Posted by: Rich Cumbers | August 20, 2009

WebSphere MQ Performance – Hints and Tips

A long time ago I worked for the MQ Performance team, my current role is still loosely linked to that team as I am working on the performance for WebSphere MQ FTE. Recently I was asked to help a customer improve the performance figures that they were seeing from a JMS application. The application in question was actually the JMS Performance Harness, which can be found on Alphaworks. Many of the suggestions we made can be found in the myriad of performance reports that MQ delivers as Performance SupportPacs. These are delivered as PDFs, and as far as I know are not indexed by Google, which means that searching for information on MQ performance will not always give you the help that you were looking for. So I decided to compile the following hints and tips that you should use to improve performance.

Disclaimer: This post not sanctioned by IBM, and I am not copying information from the Performance reports verbatim. The following hints and tips are designed to improve the performance of your applications, when making changes to your environment you should ensure that the changes do not have unwanted side effects. Myself, or IBM, are not responsible for loss of data etc etc when using this information.

  1. Use non-persistent messages where possible. Using persistent messages will require MQ to write the data to disk, which can be a performance bottleneck.
  2. If you need to use persistent messages, ensure that you have are either using a separate disk for your MQ log files, or in an optimal scenario are using battery backed cached disks, for example a SAN.
  3. Even if you are using non-persistent messages, the per queue buffer size might mean that MQ writes the non-persistent messages to disk. To avoid this you should set the DefaultQBufferSize and DefaultPQBufferSize for your queue manager to larger values. The default is 256kb
  4. If you are using Channels, you can set the BindType to be FASTPATH. This will effectively reduce the CPU usage on the server, but it does mean that custom UserExits that are poorly written will not only crash your channel, but your queue manager too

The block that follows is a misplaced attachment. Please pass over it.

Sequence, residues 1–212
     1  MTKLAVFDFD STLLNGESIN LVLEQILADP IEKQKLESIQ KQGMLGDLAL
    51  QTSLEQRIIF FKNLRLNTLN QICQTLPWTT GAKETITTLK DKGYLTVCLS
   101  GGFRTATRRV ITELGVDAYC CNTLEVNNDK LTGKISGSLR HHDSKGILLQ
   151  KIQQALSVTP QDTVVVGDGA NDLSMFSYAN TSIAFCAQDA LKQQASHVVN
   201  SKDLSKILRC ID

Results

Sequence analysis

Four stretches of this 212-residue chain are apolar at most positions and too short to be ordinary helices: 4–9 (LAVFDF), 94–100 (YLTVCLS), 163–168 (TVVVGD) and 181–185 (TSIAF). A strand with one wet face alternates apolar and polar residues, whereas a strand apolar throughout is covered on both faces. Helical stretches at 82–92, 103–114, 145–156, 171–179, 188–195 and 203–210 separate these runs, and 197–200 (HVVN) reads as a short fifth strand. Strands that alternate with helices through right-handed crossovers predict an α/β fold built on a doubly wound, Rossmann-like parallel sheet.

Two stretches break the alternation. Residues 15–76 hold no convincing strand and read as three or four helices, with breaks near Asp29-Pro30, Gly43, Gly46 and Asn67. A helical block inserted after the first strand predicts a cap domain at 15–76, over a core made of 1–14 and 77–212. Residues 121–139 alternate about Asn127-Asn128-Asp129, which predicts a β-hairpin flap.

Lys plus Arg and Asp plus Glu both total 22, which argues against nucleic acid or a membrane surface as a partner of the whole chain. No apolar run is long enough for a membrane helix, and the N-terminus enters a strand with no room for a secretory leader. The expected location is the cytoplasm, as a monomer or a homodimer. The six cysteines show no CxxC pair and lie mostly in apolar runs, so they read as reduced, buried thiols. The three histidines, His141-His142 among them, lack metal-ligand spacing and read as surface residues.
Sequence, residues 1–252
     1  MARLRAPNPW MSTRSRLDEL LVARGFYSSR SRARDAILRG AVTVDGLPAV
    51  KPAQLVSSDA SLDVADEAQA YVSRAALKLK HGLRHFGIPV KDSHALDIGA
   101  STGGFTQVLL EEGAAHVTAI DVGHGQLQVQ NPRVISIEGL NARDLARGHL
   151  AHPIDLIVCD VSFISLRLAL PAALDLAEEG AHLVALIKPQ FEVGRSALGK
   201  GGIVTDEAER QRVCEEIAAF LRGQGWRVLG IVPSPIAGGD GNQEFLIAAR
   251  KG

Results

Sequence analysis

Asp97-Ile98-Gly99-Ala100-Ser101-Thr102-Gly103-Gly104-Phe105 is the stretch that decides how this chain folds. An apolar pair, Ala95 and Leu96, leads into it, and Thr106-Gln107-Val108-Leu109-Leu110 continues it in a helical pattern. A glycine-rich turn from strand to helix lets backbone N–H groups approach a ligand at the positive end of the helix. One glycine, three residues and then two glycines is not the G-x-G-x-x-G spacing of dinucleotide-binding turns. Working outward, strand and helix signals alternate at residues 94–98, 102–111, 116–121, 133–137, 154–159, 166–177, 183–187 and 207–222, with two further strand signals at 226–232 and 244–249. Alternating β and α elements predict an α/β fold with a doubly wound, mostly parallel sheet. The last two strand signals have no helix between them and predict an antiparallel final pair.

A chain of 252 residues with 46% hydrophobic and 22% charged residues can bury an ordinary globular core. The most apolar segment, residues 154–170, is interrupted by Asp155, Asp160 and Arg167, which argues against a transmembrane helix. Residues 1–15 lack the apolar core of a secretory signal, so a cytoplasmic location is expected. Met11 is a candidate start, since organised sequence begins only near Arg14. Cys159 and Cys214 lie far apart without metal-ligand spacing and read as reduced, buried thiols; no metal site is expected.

5. MQ Version 7.0 introduced a new channel property called sharecnv. This property defines how many threads can use a single socket (the default value is 10). Setting this value to 1 may improve performance by limiting a single thread per socket.
  6. JVM heap size is also important. Ideally you want to limit the number of times that the Garbage Collector is called. MP07 recommends that optimal GC interval is around 1-2 seconds.

The above points are by no means exhaustive. They are meant to stimulate MQ users into thinking a little more about getting the most out of the Queue Managers, and their applications.

MQ put a lot of time into developing Performance Reports, and it would be remiss of me to not mention them in this post. For each performance report there is a section that discusses performance for the platform (with the exception of the JMS report that is platform agnostic). The above points should be used in conjunction with the relevant report. The following is a list of links to the most recent reports for MQ Version 7:

  • MP07 – MQ Version 7 JMS Performance Report
  • MP6N – MQ Version 7 AIX Performance Report
  • MP6P – MQ Version 7 Solaris Performance Report
  • MP7I – MQ Version 7 Windows Performance Report
  • MP6O – MQ Version 7 HP-UX Performance Report
  • MPL5 – MQ Version 7 Linux Performance Report
  • MPL6 – MQ Version 7 Linux (zSeries) Performance Report
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